Books: August 7 & 14, 2022

Two weeks at once!

August 7

Quilt as backdrop even if I didn’t end up starting the embroidery yet. Here’s this week’s library returns and reads, a few days late because I didn’t feel like writing reviews.

My books:

Dyeing Wishes — a knitting plus a bit of magic cozy mystery. Includes a moody ghost, a nameless cat, and muuuurder. I enjoyed it but could have done with less ghost drama so I’m not sure if I’ll pick up the rest of the series.

Knot Again — knitting romance! Waiting for this book is what inspired me to read nearly all of Kwana Jackson’s other books. This one’s the hot Asian knitting firefighter brother + the girl next door who got away. Charity auction action, sexy knitting lessons, friends and family who don’t let them get too much in their heads. Loved it!

The Dead Romantics — a #HappyEndingsBookClub pick. Honestly the cover and title didn’t grab me because I thought it was gonna be more old literary references, but then it was modern romance publishing instead. And there were the crows and the ghosts and the siblings and the town! So good!

Arsenic and Adobo — another one for the diverse cozy list and the best yet! So many interesting suspects/characters, delicious food, expressing love by knowing dietary restrictions, meddling aunties, a hot lawyer *and* a hot dentist, the gay best friend, and the sausage dog! Plus the mystery itself is that perfect blend where you can figure out parts but the reveals still have more story to tell. I think this may be my new favourite cozy series.

Kid reads: violin book cover was too scary so it had to go right into the returns. Stink bug book was a hit what with all the stinking and the “ew stink bug.” Rapunzel was a twist on the tale that definitely appealed to my kid (no prince, she is clever and rescues herself). The rest were good but not re-requested at bedtime like those two.

August 14

Library day! Biggest hit was the wooden sandwich making toy, but kiddo cracked the lid of the plastic box it came in so he’ll be saying sorry to the librarian on duty as we go to see if they can charge us for a new one.


Kid reads:

Doris the Bookasaurus was adorable as she gets her brothers into books. The Little Library was a cute one about building (and a bit about loving making rather than reading) although kid was scandalized by the idea of a library that closed for summer. (And not even a little phased by the librarian using they/them pronouns.) Change the world was lightly preachy but not awful. Spongebob was, well, Spongebob. Kiddo was obsessed for a few weeks and the library has his back, including dvds and the Spongebob switch game shown. He liked the game but the controls/camera are a bit finicky for a little kid so he didn’t get too far. (Not abnormally so, but after our great experience with Mario Odyssey, this felt very clunky.) Multiplayer was a bust: he wanted us to open world together but it only did a boss battle in 2 player mode.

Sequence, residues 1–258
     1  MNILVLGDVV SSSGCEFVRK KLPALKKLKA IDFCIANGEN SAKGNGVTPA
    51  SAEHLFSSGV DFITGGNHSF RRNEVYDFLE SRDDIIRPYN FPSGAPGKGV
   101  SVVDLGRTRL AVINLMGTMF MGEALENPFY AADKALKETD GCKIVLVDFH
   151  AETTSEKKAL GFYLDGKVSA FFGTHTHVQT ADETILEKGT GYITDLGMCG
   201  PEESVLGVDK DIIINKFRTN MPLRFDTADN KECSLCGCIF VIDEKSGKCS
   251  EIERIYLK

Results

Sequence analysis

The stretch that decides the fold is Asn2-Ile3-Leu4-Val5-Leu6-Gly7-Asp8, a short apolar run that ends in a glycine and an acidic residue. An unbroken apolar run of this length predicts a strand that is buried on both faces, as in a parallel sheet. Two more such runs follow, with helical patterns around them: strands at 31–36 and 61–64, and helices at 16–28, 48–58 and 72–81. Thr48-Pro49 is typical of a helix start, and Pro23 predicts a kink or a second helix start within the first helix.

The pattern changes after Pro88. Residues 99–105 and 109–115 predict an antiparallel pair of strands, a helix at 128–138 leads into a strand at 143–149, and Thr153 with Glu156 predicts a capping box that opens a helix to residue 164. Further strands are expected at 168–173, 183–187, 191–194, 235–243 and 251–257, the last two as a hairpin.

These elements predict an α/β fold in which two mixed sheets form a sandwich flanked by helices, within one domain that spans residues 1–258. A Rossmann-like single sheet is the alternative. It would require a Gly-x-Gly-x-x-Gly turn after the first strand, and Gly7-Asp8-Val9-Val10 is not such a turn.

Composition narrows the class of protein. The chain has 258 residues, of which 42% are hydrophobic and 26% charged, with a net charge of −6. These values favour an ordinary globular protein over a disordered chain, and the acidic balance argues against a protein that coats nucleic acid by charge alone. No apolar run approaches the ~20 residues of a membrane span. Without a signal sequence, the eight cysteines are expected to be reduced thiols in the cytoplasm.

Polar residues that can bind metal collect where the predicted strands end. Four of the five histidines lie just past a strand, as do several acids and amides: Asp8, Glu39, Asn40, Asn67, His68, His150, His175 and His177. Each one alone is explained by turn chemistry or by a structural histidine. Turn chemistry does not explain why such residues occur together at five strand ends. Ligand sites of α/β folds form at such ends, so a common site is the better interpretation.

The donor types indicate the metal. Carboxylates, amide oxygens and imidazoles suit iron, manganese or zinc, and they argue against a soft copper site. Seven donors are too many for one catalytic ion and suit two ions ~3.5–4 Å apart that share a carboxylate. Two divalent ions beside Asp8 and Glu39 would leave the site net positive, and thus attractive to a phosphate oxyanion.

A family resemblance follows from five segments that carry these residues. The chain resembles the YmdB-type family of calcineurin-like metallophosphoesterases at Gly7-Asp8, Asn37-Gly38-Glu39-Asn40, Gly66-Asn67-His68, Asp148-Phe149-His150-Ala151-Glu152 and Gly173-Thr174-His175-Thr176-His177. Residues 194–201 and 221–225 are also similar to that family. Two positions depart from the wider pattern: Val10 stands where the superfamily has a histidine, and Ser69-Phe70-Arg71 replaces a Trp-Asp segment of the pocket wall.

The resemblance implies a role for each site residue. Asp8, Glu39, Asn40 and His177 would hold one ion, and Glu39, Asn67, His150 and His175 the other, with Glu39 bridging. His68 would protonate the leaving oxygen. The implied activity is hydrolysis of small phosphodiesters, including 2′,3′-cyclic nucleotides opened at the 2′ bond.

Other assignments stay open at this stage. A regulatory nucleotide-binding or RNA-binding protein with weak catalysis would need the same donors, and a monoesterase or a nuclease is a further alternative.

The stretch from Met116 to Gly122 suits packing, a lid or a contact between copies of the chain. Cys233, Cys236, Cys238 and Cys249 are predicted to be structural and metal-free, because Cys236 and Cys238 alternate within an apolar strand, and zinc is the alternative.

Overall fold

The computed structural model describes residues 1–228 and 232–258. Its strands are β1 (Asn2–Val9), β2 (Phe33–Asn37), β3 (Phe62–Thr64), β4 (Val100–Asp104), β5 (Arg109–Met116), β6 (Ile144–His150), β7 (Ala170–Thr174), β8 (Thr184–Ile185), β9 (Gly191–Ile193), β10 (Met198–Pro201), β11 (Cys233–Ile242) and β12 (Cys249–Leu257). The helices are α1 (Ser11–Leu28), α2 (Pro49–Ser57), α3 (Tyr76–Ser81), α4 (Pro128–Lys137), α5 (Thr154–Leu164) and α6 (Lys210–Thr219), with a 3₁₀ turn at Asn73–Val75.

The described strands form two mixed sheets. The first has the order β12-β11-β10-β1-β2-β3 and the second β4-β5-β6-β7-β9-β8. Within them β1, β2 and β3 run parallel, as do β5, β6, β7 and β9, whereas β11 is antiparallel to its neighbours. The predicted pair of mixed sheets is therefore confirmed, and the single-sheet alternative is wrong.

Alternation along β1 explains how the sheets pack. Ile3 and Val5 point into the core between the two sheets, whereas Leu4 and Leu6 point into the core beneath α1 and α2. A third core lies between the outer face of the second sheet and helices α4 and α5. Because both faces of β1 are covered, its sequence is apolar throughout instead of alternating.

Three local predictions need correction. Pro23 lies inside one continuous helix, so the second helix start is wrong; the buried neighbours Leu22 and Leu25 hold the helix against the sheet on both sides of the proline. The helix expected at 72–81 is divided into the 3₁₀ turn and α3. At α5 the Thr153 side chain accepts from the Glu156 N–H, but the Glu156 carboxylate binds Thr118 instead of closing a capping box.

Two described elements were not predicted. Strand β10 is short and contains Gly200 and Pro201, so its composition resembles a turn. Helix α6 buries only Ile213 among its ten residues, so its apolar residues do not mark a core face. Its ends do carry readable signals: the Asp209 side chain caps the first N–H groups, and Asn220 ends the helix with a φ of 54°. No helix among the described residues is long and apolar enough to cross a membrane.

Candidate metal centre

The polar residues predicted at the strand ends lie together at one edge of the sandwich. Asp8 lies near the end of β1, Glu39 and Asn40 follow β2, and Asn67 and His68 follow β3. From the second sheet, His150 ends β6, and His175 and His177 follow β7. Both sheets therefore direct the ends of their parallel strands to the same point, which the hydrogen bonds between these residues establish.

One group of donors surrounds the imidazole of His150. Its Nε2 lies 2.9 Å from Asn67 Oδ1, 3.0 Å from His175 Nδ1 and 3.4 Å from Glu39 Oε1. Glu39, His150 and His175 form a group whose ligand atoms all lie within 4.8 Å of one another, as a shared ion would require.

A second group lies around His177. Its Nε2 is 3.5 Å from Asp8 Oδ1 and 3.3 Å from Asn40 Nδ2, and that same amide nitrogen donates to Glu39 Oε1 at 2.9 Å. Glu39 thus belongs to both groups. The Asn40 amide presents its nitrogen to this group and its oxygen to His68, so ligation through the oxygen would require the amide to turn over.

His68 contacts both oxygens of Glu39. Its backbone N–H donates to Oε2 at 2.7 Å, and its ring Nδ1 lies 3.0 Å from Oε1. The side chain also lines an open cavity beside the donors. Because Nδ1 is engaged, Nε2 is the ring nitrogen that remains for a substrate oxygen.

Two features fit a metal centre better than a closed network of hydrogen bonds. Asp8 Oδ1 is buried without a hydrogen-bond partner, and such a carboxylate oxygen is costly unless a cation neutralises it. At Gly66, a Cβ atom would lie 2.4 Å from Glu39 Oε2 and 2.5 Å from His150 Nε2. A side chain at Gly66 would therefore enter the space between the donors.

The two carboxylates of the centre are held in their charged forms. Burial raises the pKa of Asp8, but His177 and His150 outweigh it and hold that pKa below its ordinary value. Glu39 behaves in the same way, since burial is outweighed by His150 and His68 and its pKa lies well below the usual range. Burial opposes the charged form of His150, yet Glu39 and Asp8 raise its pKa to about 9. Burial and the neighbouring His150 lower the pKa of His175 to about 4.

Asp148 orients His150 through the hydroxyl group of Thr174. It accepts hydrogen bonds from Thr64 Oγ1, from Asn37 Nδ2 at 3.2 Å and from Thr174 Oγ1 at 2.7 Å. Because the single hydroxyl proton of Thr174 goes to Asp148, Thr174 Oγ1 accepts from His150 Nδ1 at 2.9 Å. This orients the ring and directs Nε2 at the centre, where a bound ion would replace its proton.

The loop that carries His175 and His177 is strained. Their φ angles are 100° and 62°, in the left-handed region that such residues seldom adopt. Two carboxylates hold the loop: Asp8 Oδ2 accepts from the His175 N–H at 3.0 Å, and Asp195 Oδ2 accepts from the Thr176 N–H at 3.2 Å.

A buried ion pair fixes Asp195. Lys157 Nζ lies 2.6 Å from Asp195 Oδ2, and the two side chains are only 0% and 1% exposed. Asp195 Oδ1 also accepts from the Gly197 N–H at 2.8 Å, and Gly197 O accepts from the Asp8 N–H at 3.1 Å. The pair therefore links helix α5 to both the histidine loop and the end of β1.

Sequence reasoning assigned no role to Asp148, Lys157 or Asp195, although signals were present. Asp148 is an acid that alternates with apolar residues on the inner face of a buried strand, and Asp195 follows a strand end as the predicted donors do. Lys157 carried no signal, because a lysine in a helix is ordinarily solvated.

My reads:

Death by Dumpling. Another diverse cozy! I really loved that her dog was named Kikkoman ❤️ It didn’t manage to beat out last week’s mystery for new favourite, but it was really enjoyable, and the mystery had a lot of interesting details. I particularly liked the best friend (and the zodiac cocktails). I’m ordering the next in the series.

Not pictured: Below Zero, another Ali Hazelwood short that I read a few weeks ago and forgot to review so it’s going in now. Cute, but I wanted to punch someone over the “not reporting the broken stair until after someone got hurt” even if it was very realistic to the way that type of problem gets shuffled under the rug. (trying to avoid spoilers, but that’s broken stair as a metaphor, not a literal broken stair). While coming to the rescue at the last second made for a better romance, auuuuuugh.

Books: July 31, 2022

A set of books lies beside a rainbow sweater and a neon rainbow lace shawl.

Playdate sweater has 1.5 sleeves and I sewed the pocket linings in, but then my hands decided sleeve knitting was uncomfortable so it’s taking a break and I’m working on the rainbow shawl which has made it all the way to purple!  I actually have most of a blog post ready to go with the pattern just waiting for me to finish and get pictures and stuff. (Note: I’m posting the book reviews to the blog late this week; the shawl is now finished and the sweater nearly so!)

Playdate pattern by @tincanknits yarn from @passionknits_yarn
Shawl pattern by me, yarn from @knittedwit

My books:

I really liked The Bone Spindle! It’s a fairy tale mashup with sleeping beauty as a prince who needs saving, lots of magic, tragic backstories, and queer romance for one of the main characters. Gonna have a long wait for the next one and that was kind of a cliffhanger ending.

And a knitting pattern book in this batch of library returns: I picked up Curls to see if I wanted to buy it before the author took all her patterns down. I liked the concept but wound up buying Curls 3 since I couldn’t just borrow that one from the library. Haven’t knit anything from it yet but probably one of these days!

Kid books: